Being personally acquainted with a number of Waldorf students, I can say that they come closer to realizing their own potential than practically anyone I know.
Joseph Weizenbaum, German-born Professor Emeritus
Computer science, MIT (Massachusetts Institute of Technology)
Author of Computer Power and Human Reason
I used to think Waldorf Education the most undamaging education, but then the more I looked into it, I found it the most beneficial system we have. People ask, "What will happen to my child in the world if he doesn't learn to read and write very early?" The issue is that the child's greatest strength for survival in a world of madness is to be whole, sane and in touch with the heart. The beauty of the Waldorf School is that it keeps children intact until they are ready to move out into the world as whole individuals. Major studies have recently dealt with the "disappearance of childhood" in America. Among many things that the Waldorf system does, it nurtures, protects and develops the intelligence of the true child. What is it that Waldorf education aims to do? We are helping to bring out the best in each child, rather than molding children to a particular perspective of society.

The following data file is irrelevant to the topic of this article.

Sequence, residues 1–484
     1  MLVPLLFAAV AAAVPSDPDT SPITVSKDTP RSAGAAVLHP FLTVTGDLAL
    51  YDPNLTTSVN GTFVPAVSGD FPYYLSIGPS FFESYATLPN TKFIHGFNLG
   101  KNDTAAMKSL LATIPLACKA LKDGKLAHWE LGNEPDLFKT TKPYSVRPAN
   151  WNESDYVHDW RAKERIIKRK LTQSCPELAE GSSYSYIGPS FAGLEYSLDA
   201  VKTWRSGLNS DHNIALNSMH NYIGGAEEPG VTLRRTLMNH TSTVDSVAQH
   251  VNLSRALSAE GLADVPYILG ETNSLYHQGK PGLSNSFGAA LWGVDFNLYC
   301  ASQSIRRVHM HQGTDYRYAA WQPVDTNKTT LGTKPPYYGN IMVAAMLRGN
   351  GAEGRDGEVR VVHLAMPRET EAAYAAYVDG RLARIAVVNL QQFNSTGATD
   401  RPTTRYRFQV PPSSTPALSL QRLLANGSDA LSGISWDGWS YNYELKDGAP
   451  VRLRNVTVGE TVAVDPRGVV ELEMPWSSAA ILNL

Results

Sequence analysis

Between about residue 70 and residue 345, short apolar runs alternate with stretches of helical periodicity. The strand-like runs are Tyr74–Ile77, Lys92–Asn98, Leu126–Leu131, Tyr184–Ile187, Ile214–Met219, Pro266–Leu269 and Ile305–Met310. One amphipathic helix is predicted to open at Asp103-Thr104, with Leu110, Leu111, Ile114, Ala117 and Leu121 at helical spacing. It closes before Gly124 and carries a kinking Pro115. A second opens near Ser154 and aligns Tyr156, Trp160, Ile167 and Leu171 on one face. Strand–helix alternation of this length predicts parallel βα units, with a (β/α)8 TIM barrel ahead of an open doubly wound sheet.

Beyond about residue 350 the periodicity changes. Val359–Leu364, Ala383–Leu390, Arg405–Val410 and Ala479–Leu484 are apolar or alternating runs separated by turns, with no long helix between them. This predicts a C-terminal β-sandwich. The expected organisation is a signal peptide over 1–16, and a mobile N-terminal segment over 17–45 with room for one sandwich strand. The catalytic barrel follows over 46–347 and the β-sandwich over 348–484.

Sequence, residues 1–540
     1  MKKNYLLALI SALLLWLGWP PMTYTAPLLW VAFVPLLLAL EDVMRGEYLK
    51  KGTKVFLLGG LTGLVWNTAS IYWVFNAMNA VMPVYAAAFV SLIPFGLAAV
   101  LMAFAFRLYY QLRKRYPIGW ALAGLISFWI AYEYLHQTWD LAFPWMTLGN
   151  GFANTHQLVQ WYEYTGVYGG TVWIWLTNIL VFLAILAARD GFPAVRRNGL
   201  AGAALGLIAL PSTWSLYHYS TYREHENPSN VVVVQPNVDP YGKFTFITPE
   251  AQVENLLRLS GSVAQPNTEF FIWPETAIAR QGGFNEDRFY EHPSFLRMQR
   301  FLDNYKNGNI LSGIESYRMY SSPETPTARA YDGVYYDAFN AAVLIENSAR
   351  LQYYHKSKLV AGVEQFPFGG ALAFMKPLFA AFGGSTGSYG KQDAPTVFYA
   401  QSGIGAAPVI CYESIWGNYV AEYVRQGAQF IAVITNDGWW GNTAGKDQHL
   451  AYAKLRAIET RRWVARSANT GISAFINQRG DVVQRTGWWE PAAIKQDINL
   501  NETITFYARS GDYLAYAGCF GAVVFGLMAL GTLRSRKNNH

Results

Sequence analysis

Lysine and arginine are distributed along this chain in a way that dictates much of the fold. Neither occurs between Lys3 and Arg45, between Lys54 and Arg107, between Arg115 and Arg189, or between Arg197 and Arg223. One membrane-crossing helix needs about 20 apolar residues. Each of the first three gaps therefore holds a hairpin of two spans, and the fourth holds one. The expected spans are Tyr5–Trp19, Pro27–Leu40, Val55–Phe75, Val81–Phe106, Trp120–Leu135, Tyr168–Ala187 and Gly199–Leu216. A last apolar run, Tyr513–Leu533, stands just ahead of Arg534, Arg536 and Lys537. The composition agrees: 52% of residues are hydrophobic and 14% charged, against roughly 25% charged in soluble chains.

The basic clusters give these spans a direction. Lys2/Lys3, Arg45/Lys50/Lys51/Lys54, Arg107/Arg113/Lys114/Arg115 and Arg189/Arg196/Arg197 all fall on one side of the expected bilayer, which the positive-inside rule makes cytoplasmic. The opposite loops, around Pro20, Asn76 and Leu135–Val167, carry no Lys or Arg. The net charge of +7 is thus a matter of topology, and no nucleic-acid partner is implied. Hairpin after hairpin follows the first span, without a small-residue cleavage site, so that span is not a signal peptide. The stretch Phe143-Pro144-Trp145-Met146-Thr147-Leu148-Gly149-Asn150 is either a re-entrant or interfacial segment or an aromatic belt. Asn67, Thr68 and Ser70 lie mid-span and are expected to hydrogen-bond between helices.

Joseph Chilton Pearce, Author
Magical Child and The Crack in the Cosmic Egg Evolution's End: Claiming the Potential of Our Intelligence
Waldorf education addresses the child as no other education does. Learning, whether in chemistry, mathematics, history or geography, is imbued with life and so with joy, which is the only true basis for later study. The textures and colors of nature, the accomplishments and struggles of humankind fill the Waldorf students' imaginations and the pages of their beautiful books. Education grows into a union with life that serves them for decades. By the time they reach us at the college and university level, these students are grounded broadly and deeply and have a remarkable enthusiasm for learning. Such students possess the eye of the discoverer, and the compassionate heart of the reformer which, when joined to a task, can change the planet.
Arthur Zajonc, Ph.D., Associate Professor
Physics, Amherst College
Steiner education affects the whole family positively. Just as a child is nurtured and supported in his development, so are his parents inspired into consciousness. It is a healing education for all.
Panjee Tapales
Former Manila Waldorf School parent